What's the difference between a good writing conference and a great one? For me, it comes down to two things: quality and variety.
Writing conferences attract -- or should attract, anyway -- writers of varying ability. In order to do that, they must offer workshops that appeal to both novices and experts. The only thing that frustrates me more than a writer who says "I've reached the point where I pretty much know all of this stuff" is when they're right. And it's easy to be right about this at a conference that lacks the right mix of activities. Fortunately, the Pennwriters conference wasn't that conference.
I've been writing for twenty years. Honestly, I don't read tons of books and articles on writing because I'd rather be writing than reading about it, but I do try to stay current. Yet every single workshop I attended last weekend left me with a takeaway.
Were there moments in these workshops offered by mere mortals where I was tempted to whip out my phone and check my email? Uh huh. And, on a couple of occasions, I succumbed.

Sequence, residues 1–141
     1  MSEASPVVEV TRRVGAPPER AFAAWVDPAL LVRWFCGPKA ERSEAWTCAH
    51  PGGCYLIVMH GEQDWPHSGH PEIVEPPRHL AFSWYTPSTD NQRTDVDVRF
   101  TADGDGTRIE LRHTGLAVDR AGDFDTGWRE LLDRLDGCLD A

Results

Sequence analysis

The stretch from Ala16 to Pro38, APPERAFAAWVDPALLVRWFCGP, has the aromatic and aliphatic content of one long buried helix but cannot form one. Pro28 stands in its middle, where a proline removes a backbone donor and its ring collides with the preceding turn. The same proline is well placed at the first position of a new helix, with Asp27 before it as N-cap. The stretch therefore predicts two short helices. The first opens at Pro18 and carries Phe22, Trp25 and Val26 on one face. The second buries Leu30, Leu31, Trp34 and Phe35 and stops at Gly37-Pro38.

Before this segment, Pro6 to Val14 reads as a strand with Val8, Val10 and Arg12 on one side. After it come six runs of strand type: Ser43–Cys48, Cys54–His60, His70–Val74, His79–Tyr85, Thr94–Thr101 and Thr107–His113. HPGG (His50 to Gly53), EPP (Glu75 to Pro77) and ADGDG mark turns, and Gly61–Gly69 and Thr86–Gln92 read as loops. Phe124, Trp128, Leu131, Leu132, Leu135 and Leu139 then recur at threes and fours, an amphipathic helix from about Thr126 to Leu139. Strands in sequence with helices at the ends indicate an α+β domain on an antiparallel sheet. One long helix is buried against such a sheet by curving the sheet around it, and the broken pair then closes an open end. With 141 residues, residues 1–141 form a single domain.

Did I already know a lot of what I heard? After two decades, over a hundred articles and three published books (not to mention the unpublished ones), I should hope so.
But by attending the workshops and listening to the speakers, I found a nugget of gold in every single one. Some were veritable treasure chests.
In Monday's blog, I mentioned the importance of taking advantage of opportunity. The Pennwriters conference had thirteen editors and agents. Most of the ones I met were generous, approachable and unintimidating.
Although I had done my research, I hadn't intended to meet with any of them. But at the start of the conference, there were openings available in many of their schedules, and there was no additional cost for the pitch sessions. So I decided to take a chance, and ended up being glad I did.
Truthfully, it could have gone either way. When we take advantage of unexpected opportunities --socially and professionally -- we're taking a risk. Any workshop can be a dud. Or it can be the one that triggers a paradigm shift so cataclysmic that it leads to a creative earthquake.
But the onus is on the attendee. If you don't walk through the door with an open mind, ready -- better yet, eager -- to learn and take advantage of everything a conference has to offer, you're wasting your time and your money. Unless, of course, what you're paying for is merely a weekend away.
Will you go to a professional conference this year? Will you go out on a limb, or hide among the trees in the forest? For me, the best conference experiences involve a mix of both.